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Oil, Natural Gas, Propane, Heat Pump, Ductless....What Should I Do ?


This is the most common thing that I am asked. "What is the best way to heat my home?"

The answer is simple......kind of.

What you should be asking is "how much heat do I get for my money?"

The first thing you need to understand is how heat is measured. We use the term btu's in this business when we are talking about heat.

How much heat is 1 btu? 1 btu is equal to the heat given off by a lit match. A typical furnace in a residential home in State College produces about 75,000 btu's per hour.

One Gallon of oil is capable of producing 135,000 btu's of heat

One Gallon of Propane is capable of producing 91,000 btu's of heat

One Cubic Foot of Natural Gas makes about 1,075 btu's of heat

One Watt of Electricity produces 3.4 btu's of heat

Simple Right? (Ha!)

So here's what we do to make it simple.

Rather than talking in terms of two variables (quantity of heat and unit of measure) lets just figure out what it costs to make 1 million btu's of heat. A typical home in PA uses about 100 million btu's of heat a year, so this makes it easy

First, lets look at Oil...

Remember 1 Gallon makes 135,000 btu's

BUT, a typical oil furnace is only 75% efficient

So, we only get about 100,000 btu's out of that gallon of oil

So we divide 10,000,000 (the amount of heat a home uses per year) by 100,000 which is 1000

1000 gallons of oil at $3.50 per gallon equals $3,500

Oil at $3.50 a gallon will cost you $3500 to heat your home

Oil at $4.50 a gallon will cost you $4500

You get the idea - oil is expensive!

Now lets look at Propane...

Propane furnaces are typically 90% efficient and a gallon of propane makes 91,000 btu's of heat

Propane also fluctuates in price but lets use $3.50 a gallon to compare it to oil.

We will get 82,000 btu's from a gallon of Propane

100,000,000 divided by 82,000 equals 1219

1219 gallons of propane at $3.50 per gallon equals $4,266

At 3.50 per gallon, propane will cost you $4,266

At 4.50 per gallon, propane will cost you $5,485

***Last winter oil and propane were both $5.00 per gallon! OUCH. The volotile prices of oil and propane make them a bad choice for your budget. Sure, oil is cheap now, mostly beacause the OPEC nations are dropping prices to discourage investment in US Shale Gas - but you know that it wont last.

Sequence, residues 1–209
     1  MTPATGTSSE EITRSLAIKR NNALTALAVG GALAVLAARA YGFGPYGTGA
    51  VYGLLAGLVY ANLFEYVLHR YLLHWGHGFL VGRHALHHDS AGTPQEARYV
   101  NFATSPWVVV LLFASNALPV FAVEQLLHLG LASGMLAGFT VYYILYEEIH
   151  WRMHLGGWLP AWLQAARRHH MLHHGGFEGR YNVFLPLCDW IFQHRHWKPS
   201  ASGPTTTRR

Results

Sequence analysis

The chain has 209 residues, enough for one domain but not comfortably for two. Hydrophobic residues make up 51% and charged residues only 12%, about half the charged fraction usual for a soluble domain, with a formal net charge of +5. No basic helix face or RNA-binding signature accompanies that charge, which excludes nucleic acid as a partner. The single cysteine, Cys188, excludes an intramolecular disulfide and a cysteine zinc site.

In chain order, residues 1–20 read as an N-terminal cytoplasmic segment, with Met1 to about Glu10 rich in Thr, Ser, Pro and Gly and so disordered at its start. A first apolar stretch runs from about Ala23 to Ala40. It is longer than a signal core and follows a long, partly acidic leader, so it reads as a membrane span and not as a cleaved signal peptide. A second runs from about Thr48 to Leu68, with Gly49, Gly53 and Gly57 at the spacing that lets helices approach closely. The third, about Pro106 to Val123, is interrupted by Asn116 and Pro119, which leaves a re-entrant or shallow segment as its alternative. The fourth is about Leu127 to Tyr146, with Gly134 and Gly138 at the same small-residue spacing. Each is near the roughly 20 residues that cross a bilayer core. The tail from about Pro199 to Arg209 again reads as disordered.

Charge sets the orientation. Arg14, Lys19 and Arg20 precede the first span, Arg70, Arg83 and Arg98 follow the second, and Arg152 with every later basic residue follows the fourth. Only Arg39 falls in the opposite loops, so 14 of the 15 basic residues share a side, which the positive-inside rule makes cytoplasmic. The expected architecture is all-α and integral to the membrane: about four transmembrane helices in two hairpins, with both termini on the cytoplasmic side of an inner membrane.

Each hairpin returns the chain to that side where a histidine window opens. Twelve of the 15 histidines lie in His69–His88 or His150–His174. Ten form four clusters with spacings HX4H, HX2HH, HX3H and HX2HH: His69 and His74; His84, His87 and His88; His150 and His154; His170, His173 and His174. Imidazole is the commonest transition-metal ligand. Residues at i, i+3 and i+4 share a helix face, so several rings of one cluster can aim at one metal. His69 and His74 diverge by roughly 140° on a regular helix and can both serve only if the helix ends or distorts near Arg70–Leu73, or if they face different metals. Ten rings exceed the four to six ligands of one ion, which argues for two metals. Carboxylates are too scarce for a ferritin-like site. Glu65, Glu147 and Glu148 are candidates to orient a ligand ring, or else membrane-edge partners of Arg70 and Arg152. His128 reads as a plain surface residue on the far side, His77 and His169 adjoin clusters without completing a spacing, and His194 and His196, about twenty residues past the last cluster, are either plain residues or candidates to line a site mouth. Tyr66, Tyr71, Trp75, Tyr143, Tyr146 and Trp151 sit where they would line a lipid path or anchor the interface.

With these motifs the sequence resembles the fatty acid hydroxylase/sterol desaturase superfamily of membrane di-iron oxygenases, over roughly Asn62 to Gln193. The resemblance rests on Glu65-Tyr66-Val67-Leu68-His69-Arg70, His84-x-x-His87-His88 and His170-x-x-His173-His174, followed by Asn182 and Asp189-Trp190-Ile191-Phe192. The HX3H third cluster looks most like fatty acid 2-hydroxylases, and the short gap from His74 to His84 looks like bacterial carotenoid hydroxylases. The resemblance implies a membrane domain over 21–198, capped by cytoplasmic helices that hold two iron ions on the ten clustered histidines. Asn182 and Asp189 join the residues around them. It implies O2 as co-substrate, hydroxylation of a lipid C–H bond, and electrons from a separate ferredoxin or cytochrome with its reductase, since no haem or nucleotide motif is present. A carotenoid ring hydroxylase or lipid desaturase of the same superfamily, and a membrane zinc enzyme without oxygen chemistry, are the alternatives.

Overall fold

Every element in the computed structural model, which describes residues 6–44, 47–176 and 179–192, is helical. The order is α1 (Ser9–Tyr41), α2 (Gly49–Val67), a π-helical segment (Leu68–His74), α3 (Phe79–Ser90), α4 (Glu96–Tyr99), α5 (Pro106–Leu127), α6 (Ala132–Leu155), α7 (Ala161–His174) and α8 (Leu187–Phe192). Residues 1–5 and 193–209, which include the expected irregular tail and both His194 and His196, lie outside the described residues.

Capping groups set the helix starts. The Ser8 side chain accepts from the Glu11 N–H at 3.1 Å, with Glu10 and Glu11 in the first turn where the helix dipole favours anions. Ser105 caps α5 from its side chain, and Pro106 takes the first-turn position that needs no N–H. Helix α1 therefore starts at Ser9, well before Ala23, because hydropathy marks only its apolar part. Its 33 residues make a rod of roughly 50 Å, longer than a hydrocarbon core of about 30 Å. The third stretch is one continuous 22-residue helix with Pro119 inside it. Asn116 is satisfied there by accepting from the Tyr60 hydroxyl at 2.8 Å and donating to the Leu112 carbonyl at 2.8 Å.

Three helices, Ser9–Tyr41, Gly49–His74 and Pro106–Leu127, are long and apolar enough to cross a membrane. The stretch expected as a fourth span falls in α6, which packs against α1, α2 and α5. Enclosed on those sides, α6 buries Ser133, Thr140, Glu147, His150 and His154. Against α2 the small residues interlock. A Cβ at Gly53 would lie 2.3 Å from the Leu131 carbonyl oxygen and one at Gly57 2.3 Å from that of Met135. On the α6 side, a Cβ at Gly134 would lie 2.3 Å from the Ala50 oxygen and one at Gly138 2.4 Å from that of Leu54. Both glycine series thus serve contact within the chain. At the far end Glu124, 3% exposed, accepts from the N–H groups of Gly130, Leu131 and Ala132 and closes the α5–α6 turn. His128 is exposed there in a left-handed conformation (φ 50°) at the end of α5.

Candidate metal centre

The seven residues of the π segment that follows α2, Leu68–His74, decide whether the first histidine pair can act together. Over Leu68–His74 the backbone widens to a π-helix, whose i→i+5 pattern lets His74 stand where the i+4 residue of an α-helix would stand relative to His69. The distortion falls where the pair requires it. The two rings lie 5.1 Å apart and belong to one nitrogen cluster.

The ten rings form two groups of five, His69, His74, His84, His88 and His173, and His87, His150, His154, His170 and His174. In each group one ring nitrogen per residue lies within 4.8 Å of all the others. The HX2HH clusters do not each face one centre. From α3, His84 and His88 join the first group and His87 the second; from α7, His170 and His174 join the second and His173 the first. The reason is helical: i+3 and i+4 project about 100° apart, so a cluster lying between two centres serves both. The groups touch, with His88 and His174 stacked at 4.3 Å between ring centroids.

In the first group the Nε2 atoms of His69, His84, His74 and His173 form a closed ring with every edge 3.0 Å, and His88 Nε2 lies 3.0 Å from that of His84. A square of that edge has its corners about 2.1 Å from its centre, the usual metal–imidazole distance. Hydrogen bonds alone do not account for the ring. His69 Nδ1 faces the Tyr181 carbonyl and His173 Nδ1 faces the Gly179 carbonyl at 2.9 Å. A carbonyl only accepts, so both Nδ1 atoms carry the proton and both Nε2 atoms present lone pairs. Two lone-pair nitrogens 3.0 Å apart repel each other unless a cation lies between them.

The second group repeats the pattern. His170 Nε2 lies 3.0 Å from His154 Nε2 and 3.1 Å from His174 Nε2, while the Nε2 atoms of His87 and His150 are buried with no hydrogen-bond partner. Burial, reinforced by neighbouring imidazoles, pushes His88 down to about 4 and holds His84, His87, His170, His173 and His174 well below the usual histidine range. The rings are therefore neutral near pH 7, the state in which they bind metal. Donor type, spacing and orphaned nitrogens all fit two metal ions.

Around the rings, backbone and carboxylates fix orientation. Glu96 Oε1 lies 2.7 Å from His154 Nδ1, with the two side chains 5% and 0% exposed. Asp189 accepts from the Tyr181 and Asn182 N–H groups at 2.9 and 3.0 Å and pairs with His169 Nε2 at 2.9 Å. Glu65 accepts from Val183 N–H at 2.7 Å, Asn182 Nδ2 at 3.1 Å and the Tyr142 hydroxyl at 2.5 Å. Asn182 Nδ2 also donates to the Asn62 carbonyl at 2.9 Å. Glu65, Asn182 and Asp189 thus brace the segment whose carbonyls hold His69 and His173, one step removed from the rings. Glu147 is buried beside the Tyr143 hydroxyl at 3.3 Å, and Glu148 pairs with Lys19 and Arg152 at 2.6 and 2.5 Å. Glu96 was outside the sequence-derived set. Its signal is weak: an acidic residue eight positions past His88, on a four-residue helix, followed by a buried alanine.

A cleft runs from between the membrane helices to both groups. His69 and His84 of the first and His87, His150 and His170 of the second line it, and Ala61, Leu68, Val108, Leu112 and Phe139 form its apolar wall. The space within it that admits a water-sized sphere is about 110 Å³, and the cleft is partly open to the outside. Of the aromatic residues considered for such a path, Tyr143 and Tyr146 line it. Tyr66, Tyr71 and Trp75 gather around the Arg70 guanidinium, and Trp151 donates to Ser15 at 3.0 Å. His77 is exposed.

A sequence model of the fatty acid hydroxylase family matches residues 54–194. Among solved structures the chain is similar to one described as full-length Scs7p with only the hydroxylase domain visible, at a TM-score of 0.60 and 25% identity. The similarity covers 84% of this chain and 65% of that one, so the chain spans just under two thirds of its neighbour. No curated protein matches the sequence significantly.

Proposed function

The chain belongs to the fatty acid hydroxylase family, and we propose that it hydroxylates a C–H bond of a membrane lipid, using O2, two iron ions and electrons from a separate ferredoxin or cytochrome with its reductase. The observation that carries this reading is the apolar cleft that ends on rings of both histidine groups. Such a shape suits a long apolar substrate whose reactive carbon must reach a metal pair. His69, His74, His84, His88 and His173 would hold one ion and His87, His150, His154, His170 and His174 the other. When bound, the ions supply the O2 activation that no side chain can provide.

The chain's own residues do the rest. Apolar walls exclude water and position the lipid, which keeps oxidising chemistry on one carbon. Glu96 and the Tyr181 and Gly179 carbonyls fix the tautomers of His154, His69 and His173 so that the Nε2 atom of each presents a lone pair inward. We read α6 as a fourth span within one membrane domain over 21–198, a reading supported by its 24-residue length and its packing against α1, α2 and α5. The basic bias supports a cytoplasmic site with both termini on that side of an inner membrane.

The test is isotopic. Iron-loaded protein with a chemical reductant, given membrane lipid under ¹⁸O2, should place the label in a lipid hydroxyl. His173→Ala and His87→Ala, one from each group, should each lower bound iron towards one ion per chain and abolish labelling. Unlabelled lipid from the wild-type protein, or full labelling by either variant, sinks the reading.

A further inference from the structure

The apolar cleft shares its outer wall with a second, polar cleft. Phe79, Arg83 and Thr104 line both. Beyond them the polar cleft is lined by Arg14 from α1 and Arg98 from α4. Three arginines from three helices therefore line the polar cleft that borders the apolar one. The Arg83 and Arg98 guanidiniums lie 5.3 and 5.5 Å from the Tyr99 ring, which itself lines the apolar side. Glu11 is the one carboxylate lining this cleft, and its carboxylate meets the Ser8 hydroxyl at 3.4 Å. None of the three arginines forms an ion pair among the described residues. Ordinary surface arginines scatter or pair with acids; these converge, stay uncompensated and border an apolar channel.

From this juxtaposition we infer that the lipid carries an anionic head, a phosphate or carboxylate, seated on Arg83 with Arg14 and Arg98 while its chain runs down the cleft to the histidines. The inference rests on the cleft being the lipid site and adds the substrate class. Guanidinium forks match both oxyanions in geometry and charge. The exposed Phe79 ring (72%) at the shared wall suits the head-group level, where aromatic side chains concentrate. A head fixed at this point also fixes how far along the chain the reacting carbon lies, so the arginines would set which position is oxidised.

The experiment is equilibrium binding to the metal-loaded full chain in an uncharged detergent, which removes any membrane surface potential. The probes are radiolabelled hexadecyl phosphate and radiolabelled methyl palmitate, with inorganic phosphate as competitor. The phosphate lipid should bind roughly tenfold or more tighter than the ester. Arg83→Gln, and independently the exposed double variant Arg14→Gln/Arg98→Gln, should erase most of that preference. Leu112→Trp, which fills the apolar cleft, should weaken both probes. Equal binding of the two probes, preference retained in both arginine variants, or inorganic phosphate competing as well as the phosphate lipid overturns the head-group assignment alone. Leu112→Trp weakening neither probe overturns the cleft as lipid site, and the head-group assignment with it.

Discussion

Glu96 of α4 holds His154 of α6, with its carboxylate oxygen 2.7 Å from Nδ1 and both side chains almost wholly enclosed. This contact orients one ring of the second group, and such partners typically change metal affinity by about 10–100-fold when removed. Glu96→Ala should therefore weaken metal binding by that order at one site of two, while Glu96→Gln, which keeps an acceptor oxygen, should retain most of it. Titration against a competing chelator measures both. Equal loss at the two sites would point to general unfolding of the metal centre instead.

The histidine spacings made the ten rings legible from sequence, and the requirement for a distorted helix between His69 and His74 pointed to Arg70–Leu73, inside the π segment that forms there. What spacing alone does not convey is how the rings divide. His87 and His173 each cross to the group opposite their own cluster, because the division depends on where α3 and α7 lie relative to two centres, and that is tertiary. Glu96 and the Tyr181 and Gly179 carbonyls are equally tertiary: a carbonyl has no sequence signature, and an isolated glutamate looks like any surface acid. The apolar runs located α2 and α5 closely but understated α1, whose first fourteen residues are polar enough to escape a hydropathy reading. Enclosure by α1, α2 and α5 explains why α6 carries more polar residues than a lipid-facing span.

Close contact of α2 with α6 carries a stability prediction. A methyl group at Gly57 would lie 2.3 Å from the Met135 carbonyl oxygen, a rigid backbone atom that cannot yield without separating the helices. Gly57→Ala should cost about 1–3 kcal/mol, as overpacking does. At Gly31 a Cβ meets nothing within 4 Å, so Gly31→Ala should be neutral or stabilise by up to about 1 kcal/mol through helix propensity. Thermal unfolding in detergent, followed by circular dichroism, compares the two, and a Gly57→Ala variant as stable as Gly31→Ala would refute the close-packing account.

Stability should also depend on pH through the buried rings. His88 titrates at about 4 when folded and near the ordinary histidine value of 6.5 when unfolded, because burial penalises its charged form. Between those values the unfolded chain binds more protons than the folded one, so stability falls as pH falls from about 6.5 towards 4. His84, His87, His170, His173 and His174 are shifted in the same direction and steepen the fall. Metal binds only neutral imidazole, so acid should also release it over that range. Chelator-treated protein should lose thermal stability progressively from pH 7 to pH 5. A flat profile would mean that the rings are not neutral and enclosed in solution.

What about Natural Gas? (The short version now since you're so smart)

Natural Gas goes for about .95 cents per Therm, which is 10,000 btu's, and a typical natural gas furnace is about 95% efficient.

So, it takes about 1052 therms of Natural Gas to heat a typical home

At .95 per therm that's only $1000

Yes, you can switch to Natural Gas and save 67% on your heating bill - depending on the price of oil.

How about Heat Pumps

This is kind of confusing...

You see, heat pumps have a lot of variance in their efficiency. They take the available heat in the outdoor air and put it in your house - it's actually the air conditioning process in reverse.

You get what you pay for with heat pumps. Cheap heat pumps deliver less and less heat as it gets colder. This is true of all heat pumps, but it varys tremendously. Cheap ones are the worst for this.

For example - there are hp's that produce 25% of their rated output at 25 degrees, and there are heat pumps that produce 95% of their rated output at 25 degrees.

Technology is the determining factor, and the more technology you buy, the better the rated output.

Here's how they rate:

1. Single Speed - HIgh and Low efficiency

2. Two Speed

3. Multiple Speed

4. Variable Speed

There's more!...(I know that this is confusing.)

Heat pumps use a back up source of heat to make up for what they lose in rated output when it's cold outside. Makes sense right? You have to do something to make up for that loss. This is usually an electric heat package.

The electric heat package comes on when the thermostat tells it to, because the heat pump is not able to keep up with the heat that your house is losing on a cold day.

All of this makes it very difficult to walk you through the math like we did in the examples above for oil and gas.

Lets take a typical single speed Medium Efficiency Heat Pump.

(These number comes from an online energy calculator that is made by Bryant for heating contractors.)

A high efficiency heat pump with electric backup heat will cost the typical homeowner in PA about $1100 a year to operate at .16 cents per killowatt hour (the current price in PA). The thing to remember here is that unlike oil and propane systems, you get air conditioning with a heat pump at the price of about $350 a year!

So, a high efficiency heat pump will heat and cool your house for about $1450 in electricity a year.

Call or Text JBN Mechanical to find out how you can start saving today!

814 240 2455

john@jbnmechanical.com

Peace!

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